William and Mary

Hiroshi Kitamura

Assistant Professor of History

Office: James Blair Hall 312
Email: [[hxkita]]
Office Phone: 757-221-3740

Areas of Specialization

U.S. Foreign Policy

Born and raised in Japan, Hiroshi Kitamura came to the United States in 1991 and earned a B.A. in American Studies from Carleton College (1995) and an M.A. (1997) and Ph.D. (2004) in U.S. Cultural/International History at the University of Wisconsin-Madison.  At William and Mary, he teaches classes on U.S.-foreign relations, global U.S. history, the nuclear world, and Cold War international relations.  He is also the faculty advisor for Phi Alpha Theta (History Honor Society), a co-director of the East Asian Studies program, and an active contributor to the American Studies and International Relations programs.  

Hiroshi is the author of Screening Enlightenment: Hollywood and the Cultural Reconstruction of Defeated Japan (Cornell University Press, 2010), which explores Hollywood’s hegemonic influence on and interactive relationship with Japan right after World War II.  He has also published articles and review essays on Historical Journal of Film, Radio and Television (2009), Jeffrey A. Engel, ed., The Local Consequences of the Global Cold War (Stanford University Press and Woodrow Wilson Center, 2007), American Quarterly (2006), Melvyn Stokes and Richard Maltby, eds., Hollywood Abroad: Audiences and Cultural Exchange (British Film Institute, 2004), Fujiki Hideaki, ed., Nihon eiga gyosho 14: Kankyaku eno apurochi (Shinwasha, forthcoming 2010), and Daisuke Miyao, ed., Oxford Handbook of Japanese Cinema (Oxford University Press, forthcoming 2011).  He has co-authored Tadaima Amerika ryugakuchu (Soshisha, 1994), a set of correspondences he wrote to his father while in college, and co-translated David Bordwell and Kristin Thompson, Film Art (McGraw-Hill, 7th edition, 2007) into Japanese.  Hiroshi is currently working on a Japanese-language version of Screening Enlightenment (forthcoming).  In addition, he is pursuing two new projects that expand on his earlier research: the resurgence of Japanese entertainment culture in the 1950s and 1960s (including cinema, stage performance, sports, fashion, and music) and Hollywood’s “Orientalist” films concerning Japan and China from the 1930s to the present.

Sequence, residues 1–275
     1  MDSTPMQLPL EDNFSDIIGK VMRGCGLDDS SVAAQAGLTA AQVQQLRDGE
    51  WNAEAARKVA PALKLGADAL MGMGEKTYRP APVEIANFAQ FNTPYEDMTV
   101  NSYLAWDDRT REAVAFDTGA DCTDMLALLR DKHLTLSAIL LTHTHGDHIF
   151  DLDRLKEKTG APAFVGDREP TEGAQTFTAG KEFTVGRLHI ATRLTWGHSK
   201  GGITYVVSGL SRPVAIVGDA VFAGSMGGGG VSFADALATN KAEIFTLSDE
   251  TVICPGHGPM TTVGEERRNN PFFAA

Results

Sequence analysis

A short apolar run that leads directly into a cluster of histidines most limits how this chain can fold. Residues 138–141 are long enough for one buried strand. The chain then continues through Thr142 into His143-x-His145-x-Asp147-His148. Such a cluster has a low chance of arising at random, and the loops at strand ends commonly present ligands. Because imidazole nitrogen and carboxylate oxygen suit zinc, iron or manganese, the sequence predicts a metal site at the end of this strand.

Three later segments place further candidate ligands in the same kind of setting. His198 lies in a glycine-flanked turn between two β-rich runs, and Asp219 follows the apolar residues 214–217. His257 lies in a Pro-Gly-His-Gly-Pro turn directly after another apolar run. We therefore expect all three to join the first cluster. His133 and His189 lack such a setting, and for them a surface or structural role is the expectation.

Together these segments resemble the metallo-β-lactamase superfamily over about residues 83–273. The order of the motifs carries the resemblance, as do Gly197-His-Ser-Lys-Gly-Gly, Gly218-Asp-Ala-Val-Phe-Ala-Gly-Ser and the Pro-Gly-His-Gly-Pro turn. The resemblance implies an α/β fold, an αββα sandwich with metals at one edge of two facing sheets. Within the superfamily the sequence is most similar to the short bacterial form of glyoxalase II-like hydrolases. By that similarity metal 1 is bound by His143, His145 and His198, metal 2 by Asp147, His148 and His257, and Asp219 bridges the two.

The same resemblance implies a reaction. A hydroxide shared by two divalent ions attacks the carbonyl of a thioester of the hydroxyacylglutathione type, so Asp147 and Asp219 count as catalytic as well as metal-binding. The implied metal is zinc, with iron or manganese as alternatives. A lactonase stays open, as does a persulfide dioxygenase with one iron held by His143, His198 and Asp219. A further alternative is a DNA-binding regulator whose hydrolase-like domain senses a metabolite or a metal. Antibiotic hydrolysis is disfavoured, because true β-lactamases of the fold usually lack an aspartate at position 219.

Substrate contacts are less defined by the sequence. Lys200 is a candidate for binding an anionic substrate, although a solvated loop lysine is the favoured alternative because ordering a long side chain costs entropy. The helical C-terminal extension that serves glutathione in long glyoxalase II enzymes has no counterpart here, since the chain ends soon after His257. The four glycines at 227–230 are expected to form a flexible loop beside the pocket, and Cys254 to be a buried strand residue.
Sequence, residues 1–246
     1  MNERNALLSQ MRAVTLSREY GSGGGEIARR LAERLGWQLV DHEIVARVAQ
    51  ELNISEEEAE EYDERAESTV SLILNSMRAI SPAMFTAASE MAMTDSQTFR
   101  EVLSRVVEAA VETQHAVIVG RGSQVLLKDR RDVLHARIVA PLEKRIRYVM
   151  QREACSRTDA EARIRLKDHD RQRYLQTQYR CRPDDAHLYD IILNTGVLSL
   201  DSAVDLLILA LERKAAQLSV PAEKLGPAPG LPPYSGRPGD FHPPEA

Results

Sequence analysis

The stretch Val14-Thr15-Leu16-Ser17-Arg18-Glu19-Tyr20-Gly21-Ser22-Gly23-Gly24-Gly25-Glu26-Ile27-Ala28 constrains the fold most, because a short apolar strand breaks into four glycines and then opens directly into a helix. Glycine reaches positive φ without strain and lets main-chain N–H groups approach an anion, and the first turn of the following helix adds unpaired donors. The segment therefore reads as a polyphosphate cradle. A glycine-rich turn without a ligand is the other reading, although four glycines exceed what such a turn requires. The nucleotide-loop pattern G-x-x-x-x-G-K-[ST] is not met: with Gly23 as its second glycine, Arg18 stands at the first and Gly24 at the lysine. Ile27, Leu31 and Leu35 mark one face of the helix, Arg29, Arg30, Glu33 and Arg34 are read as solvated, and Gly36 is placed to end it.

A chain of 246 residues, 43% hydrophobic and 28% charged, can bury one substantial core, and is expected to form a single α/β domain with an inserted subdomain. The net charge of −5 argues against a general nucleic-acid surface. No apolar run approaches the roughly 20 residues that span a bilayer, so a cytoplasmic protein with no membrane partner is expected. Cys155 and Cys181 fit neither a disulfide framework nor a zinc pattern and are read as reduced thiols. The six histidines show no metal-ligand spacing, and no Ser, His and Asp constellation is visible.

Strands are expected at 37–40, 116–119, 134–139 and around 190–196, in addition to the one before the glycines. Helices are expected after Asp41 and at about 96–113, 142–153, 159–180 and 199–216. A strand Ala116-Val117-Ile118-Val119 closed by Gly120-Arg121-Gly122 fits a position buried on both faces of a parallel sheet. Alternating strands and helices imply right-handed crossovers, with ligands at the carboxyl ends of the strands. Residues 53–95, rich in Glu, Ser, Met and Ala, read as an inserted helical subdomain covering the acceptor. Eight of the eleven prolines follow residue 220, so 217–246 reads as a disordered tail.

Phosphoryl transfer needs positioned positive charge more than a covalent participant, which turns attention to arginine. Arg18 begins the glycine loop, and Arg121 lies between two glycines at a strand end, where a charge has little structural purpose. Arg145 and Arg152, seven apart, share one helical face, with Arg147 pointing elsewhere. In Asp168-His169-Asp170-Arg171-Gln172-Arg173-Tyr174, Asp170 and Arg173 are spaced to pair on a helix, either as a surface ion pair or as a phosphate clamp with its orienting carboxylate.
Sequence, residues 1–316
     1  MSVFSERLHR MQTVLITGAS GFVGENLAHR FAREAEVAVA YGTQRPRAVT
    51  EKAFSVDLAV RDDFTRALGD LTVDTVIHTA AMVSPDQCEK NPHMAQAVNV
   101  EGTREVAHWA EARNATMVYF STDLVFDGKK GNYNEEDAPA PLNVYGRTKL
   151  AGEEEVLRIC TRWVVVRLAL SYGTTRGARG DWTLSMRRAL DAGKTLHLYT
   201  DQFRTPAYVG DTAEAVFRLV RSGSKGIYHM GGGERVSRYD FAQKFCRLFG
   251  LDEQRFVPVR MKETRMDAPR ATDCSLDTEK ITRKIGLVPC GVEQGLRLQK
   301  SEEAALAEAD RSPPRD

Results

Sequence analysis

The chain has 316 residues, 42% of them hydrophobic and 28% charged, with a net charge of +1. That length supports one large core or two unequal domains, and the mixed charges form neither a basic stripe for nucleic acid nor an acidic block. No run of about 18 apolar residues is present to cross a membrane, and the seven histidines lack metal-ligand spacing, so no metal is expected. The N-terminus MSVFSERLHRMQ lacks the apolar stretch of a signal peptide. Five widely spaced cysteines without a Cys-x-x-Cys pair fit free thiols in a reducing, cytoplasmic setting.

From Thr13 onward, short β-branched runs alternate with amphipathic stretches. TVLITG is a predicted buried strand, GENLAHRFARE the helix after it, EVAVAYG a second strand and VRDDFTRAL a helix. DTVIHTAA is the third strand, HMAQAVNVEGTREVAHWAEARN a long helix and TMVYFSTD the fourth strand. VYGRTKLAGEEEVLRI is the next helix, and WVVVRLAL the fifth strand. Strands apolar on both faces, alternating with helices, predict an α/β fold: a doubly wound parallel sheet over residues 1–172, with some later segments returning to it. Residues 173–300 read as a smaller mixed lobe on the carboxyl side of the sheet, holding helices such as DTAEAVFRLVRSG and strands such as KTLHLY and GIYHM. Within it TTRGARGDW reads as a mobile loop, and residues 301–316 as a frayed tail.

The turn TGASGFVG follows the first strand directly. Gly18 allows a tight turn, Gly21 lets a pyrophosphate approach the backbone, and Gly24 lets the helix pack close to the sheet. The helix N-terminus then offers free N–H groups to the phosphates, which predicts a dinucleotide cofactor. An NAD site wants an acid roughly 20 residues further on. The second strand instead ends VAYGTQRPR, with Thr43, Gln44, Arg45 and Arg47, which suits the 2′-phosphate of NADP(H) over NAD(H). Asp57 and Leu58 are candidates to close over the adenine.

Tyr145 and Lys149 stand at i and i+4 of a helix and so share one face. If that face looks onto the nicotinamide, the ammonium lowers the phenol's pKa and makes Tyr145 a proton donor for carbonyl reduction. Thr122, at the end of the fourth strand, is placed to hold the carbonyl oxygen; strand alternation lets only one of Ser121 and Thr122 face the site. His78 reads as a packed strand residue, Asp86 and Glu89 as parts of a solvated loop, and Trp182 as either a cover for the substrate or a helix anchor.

In his spare time, Hiroshi is studying Chinese (Mandarin), which he once learned as a study-abroad student at Nankai University, and enjoys watching Japanese, Hong Kong, and U.S. movies.  He lives in Williamsburg with his wife and three-year old daughter.